At the end of 2019, the sudden outbreak of COVID-19 in Wuhan brought Shi and the WIV to the focus of global attention. Rumors spread that the outbreak had originated from a leak at the institute.

A multinational intelligence-sharing coalition theorized that the coronavirus could have escaped from Shi’s lab, citing faulty security protocols.

Shi admitted she had endured several sleepless nights after the outbreak. “Could they have come from our lab?” she asked herself, according to a profile in Scientific American.

Epoch Times Photo
Peter Daszak (R) and other members of the World Health Organization (WHO) team investigating the origins of the COVID-19 coronavirus arrive at the Wuhan Institute of Virology on Feb. 3, 2021. (Hector Retamal/AFP via Getty Images)

‘Permission to Trigger a Pandemic’

Inevitably, the unusual chain of authority at the WIV led to rumors about possible mismanagement, which in turn may have triggered a lab leak. One Chinese news portal, as early as February 2020, cited “continuous personnel infighting and chaotic internal management of the virus, so that someone intentionally or unintentionally spread the epidemic to the society.”

Despite the widespread speculation, a World Health Organization report, released in March 2020, concluded it was “extremely unlikely” that the viral pandemic could have been caused by a lab accident. WIV director Wang told NBC News in August 2020 that the allegations were “completely untrue” and complained the lab had been “targeted as a scapegoat for the origin of the virus.”

However, a Feb. 28, 2023 article by U.S. public health watchdog Right to Know gave credence to the original claims. According to a U.S. State Department cable (pdf) obtained by Right to Know, despite the presence of a P4 lab at the WIV, Shi was denied permission to use the high-containment lab for high-risk research such as that involving SARS. The cable also noted a “shortage of appropriately trained technicians and investigators needed to safely operate this high containment laboratory.”

“Denying permission to elevate containment for high-risk research is dangerously close to granting permission to trigger a pandemic,” Richard Ebright, a molecular biologist at Rutgers University, told Right to Know.

‘Wolf Warrior’

In January 2020, during the early stages of the outbreak, Chinese military biochemist Chen Wei and her team were dispatched to Wuhan. There were also reports that she took over the supervision of the WIV.

Chen Wei, 57, is an expert in biological warfare defense, with the rank of major general. She has long been involved in dangerous biological research, such as collecting virus samples after the SARS and Ebola outbreaks.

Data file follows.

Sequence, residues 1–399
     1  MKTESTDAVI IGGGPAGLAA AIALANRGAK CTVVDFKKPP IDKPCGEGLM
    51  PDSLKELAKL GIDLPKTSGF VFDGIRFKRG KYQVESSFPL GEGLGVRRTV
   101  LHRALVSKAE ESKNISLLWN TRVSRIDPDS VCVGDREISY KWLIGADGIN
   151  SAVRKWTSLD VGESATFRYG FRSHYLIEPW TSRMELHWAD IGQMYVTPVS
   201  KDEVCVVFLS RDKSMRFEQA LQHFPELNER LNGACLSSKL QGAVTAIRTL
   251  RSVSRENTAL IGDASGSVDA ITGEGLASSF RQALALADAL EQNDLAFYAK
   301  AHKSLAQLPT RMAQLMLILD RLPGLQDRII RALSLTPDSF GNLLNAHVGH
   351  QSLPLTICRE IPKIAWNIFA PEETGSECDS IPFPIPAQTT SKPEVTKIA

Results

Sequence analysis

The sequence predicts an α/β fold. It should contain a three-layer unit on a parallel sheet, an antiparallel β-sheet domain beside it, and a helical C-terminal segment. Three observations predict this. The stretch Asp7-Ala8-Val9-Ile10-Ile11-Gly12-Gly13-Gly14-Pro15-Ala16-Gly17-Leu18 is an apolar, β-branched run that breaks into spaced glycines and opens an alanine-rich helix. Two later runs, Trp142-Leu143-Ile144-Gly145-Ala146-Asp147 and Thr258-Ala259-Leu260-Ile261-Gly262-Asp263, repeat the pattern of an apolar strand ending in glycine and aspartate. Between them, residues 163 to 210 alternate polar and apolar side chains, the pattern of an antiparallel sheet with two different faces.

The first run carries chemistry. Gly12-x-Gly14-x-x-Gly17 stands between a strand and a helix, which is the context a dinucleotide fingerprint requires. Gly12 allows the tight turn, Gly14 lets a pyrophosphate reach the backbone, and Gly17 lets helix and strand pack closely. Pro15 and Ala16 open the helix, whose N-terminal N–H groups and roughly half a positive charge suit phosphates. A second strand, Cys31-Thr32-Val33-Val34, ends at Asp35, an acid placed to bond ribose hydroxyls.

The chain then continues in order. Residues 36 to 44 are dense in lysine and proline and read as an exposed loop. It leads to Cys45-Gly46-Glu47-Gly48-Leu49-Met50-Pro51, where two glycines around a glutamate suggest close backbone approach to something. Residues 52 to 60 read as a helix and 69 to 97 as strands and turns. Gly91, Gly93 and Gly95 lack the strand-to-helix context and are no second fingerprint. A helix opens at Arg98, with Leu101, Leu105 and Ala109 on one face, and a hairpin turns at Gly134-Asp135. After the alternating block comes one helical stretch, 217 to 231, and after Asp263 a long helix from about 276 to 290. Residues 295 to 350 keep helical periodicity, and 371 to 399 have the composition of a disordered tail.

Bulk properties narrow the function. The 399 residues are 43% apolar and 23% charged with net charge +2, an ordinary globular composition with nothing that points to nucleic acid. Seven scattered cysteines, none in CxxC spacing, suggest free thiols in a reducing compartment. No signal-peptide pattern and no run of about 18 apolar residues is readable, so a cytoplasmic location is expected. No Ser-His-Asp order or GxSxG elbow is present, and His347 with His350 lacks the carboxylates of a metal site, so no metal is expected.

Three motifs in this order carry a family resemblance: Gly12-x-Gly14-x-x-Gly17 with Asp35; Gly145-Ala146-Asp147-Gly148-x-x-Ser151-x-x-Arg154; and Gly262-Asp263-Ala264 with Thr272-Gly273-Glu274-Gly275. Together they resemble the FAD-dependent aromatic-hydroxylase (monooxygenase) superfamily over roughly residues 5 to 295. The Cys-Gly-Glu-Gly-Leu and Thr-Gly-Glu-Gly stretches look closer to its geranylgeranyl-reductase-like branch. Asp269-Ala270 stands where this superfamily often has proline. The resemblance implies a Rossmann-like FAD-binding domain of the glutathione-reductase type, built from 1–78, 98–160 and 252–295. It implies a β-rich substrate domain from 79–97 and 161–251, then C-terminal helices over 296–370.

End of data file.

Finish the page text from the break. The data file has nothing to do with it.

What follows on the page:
Chen acquired the nickname “Wolf Warrior” after her work with Ebola vaccines drew comparisons to a movie hero who developed a vaccine to combat a deadly African virus.

The official reason why Chen was dispatched to Wuhan in late January 2020 was to create a vaccine to counter the COVID-19 virus. Her team successfully developed the first COVID-19 vaccine, called Ad5-nCoV, for initial use in military personnel before large-scale testing.

However, according to an Oct. 28, 2022 article by nonprofit news source Pro Publica, written in conjunction with Vanity Fair, the rapid speed with which Chen’s team developed the vaccine “seemed unrealistic, if not impossible” and was evidence that the WIV had already been working with the virus that caused the pandemic.

Experts consulted by the publications said the rapid development suggested that the team “must have had access to the genomic sequence of the virus no later than in November 2019, weeks before China’s official recognition that the virus was circulating.”

Mr. K. agreed that Chen’s presence at the WIV was evidence for the lab leak theory. He said that Chen was most likely sent to Wuhan to “clean up the mess” and to investigate the institute’s role in the outbreak.

Radio Silence

Official reports and discussions increasingly point to a lab leak as the most likely source of the virus that killed millions worldwide.  What role, if any, each of these scientists played in the drama is still unclear.

What is certain is that the three women, despite being at the center of the controversy, are remaining silent on the subject. Despite being somewhat of a media darling, Shi’s most recent interview with Western media was at least a year ago. Chen, praised as a hero for leading the vaccine effort, was last heard from in February of 2021.  Meanwhile, Wang, who is the public face of the WIV, has been silent since the Aug. 10, 2020 interview with NBC news in which she said that the institute had a “100 percent safety record.”

In the U.S. Congress, the House Select Subcommittee on the Coronavirus Pandemic has requested in-person, transcribed interviews with both Shi Zhengli and Chen Wei. In April, the Chinese embassy expressed “firm opposition” and “grave concern” about this proposal.